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The variation in stool patterns from 1 to 42 months: a population-based observational study
  1. C D Steer,
  2. A M Emond,
  3. J Golding,
  4. B Sandhu
  1. Department of Community Based Medicine, University of Bristol, Bristol, UK
  1. C D Steer, CCAH, University of Bristol, Barley House, Oakfield Grove, Bristol BS8 2BN, UK; Colin.Steer{at}bristol.ac.uk

Abstract

Objective: To document the normal stool patterns of young children.

Design: Prospective population-based longitudinal study.

Setting: Avon Longitudinal Study of Parents and Children (ALSPAC).

Subjects: 12 984 children, whose parents completed questionnaires at 4 weeks, 6, 18, 30 and 42 months on their frequency of bowel movements and the consistency and colour of their stools.

Results: Stool frequency declined from a mean of 3.0 times/day (3rd centile 0.6, 97th centile 5.9) at 4 weeks to 1.3 times/day (0.6, 2.7) at 42 months. Stool consistency was soft in most babies with nearly half passing liquid or curdy stool at 4 weeks. 14% of babies usually passed a hard stool at 4 weeks, rising to 30% at 42 months. Stool colour was commonly yellow at 4 weeks and had changed to brown by 6 months. Black stools were extremely unusual at all ages.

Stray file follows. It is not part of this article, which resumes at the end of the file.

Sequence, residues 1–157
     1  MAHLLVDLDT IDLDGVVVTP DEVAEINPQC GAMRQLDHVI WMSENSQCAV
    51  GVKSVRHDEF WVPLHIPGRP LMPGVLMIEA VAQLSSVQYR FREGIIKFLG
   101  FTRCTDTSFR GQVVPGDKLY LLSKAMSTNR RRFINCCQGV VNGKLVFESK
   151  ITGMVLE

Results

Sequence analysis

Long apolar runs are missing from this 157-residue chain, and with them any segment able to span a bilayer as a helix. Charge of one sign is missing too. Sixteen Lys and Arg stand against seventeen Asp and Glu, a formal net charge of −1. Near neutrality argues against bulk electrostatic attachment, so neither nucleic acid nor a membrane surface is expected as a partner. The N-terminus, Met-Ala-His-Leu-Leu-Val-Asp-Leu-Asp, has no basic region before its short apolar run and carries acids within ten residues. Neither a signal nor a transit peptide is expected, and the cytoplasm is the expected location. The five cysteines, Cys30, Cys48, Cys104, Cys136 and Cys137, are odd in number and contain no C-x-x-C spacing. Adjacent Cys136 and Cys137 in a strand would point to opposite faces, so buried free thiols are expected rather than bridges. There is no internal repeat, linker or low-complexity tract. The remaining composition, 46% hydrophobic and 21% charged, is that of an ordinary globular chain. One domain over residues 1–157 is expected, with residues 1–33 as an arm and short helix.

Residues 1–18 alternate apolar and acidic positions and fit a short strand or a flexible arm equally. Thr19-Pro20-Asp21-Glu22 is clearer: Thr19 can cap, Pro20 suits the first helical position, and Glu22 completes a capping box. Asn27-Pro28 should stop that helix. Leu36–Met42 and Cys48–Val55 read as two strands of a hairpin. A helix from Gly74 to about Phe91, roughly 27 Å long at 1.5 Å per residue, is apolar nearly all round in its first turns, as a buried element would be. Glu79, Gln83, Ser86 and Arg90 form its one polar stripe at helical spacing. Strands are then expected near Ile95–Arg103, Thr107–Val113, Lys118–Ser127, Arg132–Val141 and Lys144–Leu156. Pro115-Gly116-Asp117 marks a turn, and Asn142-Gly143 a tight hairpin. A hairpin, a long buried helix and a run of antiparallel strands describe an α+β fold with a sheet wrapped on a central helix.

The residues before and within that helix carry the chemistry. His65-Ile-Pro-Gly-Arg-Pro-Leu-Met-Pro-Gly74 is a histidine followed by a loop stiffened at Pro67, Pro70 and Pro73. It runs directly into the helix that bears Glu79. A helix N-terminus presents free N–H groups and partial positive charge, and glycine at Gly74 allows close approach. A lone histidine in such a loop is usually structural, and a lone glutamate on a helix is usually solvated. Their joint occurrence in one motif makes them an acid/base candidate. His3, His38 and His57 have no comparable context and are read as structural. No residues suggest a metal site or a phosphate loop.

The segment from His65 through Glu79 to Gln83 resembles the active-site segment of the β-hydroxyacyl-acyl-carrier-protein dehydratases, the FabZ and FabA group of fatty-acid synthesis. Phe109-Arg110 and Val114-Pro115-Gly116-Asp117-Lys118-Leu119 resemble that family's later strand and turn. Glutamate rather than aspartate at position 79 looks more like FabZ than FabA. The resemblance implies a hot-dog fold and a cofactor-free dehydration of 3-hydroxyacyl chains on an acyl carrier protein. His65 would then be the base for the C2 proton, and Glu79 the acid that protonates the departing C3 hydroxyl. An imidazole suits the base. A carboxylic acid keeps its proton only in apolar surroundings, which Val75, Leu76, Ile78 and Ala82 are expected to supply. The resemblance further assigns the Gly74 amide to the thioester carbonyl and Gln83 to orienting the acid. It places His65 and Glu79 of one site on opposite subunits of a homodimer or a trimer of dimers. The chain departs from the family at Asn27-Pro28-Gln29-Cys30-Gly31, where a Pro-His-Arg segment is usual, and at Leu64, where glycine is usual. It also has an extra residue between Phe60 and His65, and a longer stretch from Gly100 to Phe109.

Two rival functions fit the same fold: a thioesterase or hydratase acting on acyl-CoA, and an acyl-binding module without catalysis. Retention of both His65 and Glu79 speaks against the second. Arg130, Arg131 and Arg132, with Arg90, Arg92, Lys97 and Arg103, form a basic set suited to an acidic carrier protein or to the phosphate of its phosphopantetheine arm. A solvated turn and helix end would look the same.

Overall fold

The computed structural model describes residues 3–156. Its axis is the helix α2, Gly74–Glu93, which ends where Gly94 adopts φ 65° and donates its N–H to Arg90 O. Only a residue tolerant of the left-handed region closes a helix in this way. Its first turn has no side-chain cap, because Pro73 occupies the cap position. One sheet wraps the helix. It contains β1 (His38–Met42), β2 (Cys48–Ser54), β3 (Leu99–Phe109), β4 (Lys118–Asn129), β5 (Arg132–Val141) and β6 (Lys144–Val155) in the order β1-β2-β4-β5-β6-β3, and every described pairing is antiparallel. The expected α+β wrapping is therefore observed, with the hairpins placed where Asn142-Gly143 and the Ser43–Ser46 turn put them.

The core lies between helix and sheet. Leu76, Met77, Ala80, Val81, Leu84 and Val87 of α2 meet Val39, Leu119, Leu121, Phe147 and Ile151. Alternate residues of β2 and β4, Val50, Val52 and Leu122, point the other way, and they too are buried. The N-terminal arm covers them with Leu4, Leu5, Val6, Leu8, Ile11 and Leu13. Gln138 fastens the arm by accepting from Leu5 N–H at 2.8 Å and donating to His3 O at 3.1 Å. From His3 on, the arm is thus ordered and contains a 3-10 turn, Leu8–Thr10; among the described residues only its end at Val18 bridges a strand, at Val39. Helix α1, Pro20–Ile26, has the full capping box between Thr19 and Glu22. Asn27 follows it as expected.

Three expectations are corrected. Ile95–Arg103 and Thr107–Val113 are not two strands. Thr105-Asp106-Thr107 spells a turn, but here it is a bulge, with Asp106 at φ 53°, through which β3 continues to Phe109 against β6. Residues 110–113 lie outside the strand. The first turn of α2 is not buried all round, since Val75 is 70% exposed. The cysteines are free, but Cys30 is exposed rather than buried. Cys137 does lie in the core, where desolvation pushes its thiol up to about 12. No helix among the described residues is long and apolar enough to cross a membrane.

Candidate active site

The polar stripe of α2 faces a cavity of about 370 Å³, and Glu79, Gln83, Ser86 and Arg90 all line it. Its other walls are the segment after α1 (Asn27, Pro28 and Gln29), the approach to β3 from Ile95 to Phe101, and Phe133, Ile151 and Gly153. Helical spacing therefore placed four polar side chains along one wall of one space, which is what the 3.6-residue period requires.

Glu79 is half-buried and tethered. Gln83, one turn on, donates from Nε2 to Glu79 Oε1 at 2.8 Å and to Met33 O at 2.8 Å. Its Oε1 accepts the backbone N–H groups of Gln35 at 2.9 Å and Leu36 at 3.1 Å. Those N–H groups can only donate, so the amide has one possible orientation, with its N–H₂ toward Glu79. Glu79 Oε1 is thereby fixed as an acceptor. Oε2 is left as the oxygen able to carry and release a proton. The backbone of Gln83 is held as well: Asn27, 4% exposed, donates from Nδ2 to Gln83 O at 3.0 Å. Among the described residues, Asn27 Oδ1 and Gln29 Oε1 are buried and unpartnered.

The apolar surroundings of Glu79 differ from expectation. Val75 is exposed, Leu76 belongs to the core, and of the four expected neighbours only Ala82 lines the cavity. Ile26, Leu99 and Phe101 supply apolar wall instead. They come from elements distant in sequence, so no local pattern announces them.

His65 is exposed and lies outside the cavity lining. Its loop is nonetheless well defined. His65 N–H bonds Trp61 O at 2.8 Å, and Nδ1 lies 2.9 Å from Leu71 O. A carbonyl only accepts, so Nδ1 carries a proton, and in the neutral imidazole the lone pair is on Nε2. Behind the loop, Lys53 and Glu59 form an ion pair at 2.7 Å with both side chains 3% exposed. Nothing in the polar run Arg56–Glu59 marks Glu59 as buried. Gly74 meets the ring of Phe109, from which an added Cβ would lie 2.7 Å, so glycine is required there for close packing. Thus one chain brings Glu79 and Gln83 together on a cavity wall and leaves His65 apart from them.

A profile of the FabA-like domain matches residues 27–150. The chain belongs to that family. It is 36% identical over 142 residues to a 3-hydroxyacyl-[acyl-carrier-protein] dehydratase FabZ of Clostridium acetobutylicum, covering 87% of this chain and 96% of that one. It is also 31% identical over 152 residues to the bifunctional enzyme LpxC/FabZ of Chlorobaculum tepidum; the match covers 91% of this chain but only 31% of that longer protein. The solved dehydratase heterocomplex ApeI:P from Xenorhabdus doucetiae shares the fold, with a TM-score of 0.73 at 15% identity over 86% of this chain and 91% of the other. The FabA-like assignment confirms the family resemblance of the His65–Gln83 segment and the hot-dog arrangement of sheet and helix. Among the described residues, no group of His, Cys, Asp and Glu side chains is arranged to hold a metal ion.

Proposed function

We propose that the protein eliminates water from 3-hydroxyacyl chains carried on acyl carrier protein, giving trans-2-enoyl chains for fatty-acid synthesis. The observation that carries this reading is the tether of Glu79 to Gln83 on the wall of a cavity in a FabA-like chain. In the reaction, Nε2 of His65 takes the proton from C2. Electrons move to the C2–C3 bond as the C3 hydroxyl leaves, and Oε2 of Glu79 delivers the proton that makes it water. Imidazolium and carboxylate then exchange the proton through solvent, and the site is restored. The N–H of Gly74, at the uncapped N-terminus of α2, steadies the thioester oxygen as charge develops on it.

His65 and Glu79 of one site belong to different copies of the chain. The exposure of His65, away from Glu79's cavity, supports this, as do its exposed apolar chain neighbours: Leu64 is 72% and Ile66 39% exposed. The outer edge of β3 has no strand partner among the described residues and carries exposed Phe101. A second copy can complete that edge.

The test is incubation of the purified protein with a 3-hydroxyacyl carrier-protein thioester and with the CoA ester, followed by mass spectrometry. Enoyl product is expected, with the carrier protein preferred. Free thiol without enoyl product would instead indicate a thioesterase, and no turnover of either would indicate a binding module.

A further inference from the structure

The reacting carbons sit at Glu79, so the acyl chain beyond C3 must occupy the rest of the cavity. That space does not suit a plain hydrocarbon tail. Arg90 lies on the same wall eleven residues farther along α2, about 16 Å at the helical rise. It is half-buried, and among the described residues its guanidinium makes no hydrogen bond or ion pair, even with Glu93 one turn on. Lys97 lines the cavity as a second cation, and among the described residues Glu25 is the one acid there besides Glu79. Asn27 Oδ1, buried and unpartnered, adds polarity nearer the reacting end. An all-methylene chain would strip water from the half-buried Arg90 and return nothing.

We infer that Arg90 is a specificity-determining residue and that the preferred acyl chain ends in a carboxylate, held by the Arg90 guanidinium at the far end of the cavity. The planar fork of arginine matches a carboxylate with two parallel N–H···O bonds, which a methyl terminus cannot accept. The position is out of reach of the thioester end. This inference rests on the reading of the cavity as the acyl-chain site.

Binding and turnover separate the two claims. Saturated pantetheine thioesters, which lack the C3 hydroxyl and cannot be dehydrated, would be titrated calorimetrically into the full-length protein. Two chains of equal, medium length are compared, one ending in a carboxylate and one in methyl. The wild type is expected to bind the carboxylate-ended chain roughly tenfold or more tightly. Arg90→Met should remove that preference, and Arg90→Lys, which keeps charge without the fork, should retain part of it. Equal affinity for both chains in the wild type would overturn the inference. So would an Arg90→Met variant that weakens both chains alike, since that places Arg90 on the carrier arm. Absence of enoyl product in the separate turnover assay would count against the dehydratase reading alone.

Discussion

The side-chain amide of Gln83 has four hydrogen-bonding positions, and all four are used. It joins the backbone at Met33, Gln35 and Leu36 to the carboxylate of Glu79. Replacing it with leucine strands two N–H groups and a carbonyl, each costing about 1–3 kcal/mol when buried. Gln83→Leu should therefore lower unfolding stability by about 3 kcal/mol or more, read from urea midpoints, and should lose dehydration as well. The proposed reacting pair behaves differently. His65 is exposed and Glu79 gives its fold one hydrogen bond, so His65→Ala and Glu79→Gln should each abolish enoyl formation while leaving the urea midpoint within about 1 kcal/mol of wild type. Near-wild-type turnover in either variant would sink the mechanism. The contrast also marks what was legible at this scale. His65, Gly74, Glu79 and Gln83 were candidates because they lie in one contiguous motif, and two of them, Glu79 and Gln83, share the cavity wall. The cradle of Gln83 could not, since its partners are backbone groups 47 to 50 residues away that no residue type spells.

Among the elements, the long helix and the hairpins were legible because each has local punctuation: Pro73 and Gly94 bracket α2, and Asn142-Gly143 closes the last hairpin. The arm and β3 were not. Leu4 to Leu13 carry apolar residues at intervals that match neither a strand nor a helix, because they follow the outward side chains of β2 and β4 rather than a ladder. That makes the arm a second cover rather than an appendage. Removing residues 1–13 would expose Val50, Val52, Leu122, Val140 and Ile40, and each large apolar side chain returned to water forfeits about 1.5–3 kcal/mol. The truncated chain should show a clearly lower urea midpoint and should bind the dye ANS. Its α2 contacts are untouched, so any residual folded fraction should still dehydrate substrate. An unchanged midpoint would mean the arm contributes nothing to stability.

Conclusions: These data on the changes with age in the stool patterns of young children will be useful for clinicians.

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Footnotes

  • ▸ Additional data are published online only at http://adc.bmj.com/content/vol94/issue3

  • This publication is the work of the authors. Colin Steer and Bhupinder Sandhu are guarantors for the contents of this paper.

  • Funding: The UK Medical Research Council, the Wellcome Trust and the University of Bristol provide core support for ALSPAC. This study was funded by the Medical Research Council (Grant RD1589).

  • Competing interests: None.

  • Ethics approval: Ethics approval for the study was obtained from the ALSPAC Law and Ethics Committee and the Local Research Ethics Committees.

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